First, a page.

Apart from the obvious, this section MUST NOT include any password for any services that the business holds. This will jeopardise the safety and security of the team and all customers using the product. 

That also applies to any customer data. For that reason, the Copy team developed a list of 30+ random profiles reused in visual prototypes and so on.  

The Integrations section SHOULD NOT include a print screen of the service and its settings. Yet, in some cases, if you run your server, you can have a fully comprehensive manual on how to set things up – only what is reported to the product itself.   

Adding or removing the note has to be approved by the team. Approval systems for SLR were mentioned in the Development section [024↘︎] 

For more information, please join the Design at Scale™ Courses that explain the function, impact, and common pitfalls that can be avoided while implementing the DaS™ in your business. 

Figure04: Structure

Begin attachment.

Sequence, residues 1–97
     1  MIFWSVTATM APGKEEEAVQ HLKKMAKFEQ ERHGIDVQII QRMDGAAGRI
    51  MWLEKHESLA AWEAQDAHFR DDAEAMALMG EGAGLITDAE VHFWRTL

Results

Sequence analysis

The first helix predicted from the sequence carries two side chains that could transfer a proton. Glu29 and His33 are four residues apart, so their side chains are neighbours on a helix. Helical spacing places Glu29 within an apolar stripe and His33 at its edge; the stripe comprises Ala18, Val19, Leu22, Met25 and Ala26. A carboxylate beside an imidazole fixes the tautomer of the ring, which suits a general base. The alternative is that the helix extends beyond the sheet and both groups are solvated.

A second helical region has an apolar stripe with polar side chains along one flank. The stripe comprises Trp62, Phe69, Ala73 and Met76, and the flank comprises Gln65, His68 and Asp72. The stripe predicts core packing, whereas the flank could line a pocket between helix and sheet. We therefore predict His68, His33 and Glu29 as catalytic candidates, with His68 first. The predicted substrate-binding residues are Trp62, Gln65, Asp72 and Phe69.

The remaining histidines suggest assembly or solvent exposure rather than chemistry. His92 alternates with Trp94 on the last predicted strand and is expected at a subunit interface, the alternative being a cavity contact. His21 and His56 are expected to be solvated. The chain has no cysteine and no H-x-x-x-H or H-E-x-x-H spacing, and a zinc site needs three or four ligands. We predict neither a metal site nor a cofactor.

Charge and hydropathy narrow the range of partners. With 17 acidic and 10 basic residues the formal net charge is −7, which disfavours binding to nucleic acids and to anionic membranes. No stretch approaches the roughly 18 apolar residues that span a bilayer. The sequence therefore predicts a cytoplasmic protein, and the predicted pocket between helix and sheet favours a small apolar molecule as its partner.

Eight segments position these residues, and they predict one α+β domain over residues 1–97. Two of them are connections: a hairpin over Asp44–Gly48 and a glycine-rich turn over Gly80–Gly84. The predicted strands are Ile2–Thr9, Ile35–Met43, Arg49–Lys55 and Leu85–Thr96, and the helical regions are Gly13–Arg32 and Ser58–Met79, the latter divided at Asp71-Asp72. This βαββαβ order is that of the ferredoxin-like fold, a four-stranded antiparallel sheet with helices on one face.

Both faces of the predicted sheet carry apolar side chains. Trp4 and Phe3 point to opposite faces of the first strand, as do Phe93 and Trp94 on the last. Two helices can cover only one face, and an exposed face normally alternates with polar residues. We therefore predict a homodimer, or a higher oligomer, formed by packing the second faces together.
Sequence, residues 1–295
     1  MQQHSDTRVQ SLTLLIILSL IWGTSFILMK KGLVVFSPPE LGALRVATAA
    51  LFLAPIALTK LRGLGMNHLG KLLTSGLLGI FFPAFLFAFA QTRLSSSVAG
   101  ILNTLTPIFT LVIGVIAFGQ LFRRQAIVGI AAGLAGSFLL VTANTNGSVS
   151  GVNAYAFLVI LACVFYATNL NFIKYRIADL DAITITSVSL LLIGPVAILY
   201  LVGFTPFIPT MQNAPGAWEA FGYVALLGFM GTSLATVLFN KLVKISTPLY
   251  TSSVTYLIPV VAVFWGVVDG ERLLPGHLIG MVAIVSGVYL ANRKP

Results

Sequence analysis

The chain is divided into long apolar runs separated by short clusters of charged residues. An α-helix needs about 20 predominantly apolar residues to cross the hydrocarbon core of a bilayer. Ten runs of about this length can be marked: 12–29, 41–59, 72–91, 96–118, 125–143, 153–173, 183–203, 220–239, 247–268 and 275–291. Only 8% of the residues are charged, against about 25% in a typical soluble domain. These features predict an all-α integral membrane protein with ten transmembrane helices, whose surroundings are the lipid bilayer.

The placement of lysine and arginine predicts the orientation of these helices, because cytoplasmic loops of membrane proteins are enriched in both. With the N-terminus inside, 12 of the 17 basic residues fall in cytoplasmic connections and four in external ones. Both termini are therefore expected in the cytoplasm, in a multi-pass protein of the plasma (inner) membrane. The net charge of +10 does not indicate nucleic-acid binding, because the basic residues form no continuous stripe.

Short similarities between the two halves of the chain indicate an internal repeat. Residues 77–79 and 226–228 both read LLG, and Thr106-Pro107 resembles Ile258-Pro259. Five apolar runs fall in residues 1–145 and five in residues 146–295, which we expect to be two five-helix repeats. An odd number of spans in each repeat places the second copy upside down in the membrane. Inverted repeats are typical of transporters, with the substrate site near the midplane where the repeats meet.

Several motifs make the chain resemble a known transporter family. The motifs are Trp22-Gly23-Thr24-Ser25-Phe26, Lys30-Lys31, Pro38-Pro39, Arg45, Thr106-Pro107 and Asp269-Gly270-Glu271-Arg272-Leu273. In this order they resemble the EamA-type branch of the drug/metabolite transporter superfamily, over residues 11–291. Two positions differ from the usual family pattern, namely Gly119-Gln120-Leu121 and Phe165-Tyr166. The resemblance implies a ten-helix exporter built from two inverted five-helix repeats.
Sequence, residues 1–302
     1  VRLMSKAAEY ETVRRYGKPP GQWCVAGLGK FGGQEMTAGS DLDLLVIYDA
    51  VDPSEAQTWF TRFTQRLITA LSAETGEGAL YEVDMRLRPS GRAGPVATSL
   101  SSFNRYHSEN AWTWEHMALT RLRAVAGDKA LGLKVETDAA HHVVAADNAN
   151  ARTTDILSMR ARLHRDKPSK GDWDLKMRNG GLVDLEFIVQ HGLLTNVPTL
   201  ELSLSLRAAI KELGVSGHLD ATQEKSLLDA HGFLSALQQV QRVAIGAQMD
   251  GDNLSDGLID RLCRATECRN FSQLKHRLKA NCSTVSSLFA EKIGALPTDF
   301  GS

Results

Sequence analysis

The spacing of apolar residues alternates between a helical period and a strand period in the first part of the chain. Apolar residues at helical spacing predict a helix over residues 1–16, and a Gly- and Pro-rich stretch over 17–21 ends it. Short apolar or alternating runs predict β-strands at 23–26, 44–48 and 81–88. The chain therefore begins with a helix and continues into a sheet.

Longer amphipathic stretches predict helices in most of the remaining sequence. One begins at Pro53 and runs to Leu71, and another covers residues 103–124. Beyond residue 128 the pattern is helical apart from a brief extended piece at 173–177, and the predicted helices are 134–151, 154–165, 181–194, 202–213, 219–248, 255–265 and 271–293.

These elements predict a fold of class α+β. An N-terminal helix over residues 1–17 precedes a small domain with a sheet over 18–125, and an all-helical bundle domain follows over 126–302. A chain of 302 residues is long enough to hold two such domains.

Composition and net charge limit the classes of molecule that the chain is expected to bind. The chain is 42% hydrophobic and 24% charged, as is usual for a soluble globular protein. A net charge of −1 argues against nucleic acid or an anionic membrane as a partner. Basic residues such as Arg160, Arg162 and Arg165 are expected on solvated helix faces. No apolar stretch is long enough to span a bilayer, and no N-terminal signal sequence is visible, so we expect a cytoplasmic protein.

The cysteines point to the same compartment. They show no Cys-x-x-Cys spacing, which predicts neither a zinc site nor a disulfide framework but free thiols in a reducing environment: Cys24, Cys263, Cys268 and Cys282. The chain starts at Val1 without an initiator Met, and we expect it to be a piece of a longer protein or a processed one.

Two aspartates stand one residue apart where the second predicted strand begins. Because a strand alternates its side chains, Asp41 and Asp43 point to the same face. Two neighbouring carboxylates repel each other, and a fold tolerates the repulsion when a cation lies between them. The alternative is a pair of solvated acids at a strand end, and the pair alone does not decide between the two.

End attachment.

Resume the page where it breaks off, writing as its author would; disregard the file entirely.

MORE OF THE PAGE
Structure

Let’s look at the Confluence structure in detail:

Business

1.0 — BRAND* Hello 
2.0 — BRAND* Business 
3.0 — BRAND* Research

Design

4.0 — BRAND* Content
5.0 — BRAND* Experience
6.0 — BRAND* Design

Development

7.0 — BRAND* Development
8.0 — BRAND* Releases
9.0 — BRAND* Integrations

I hope you’ve enjoyed the final article from 3x3 – Confluence for Designers. @designatscaletm is open to all your related questions about the 3x3 method or any other topic we are discussing here. 

Stay tuned; thanks for reading!

Thanks to all contributors, especially Matt Press, for their insight and comments shaping this article.

Jiri Mocicka is a London-based designer, writer, and design coach passionate about Design at Scale. A flexible method that allows designers professionals to integrate the value of design within their organisation through transparency and well-communicated product design development.
Visual stories @designatscaletm
For direct messages and questions, please follow: @designatscaletm

March 10, 2020

Release Section.

Overview

Welcome to the eighth article of the 3x3 series – Confluence for Designers looking at the communication structure for medium and large organisations to achieve transparency, which leads to frictionless and smooth design delivery. 

This article will be addressing the trsnaprency within the team as well as outside by automating everything we have just discussed and in previous secions – Hello [001↘︎], Business [002↘︎], Research [003↘︎], Content [003↘︎], Experience [004↘︎], Design  [005↘︎] and Development [006↘︎] sections combine here in Release [007↘︎].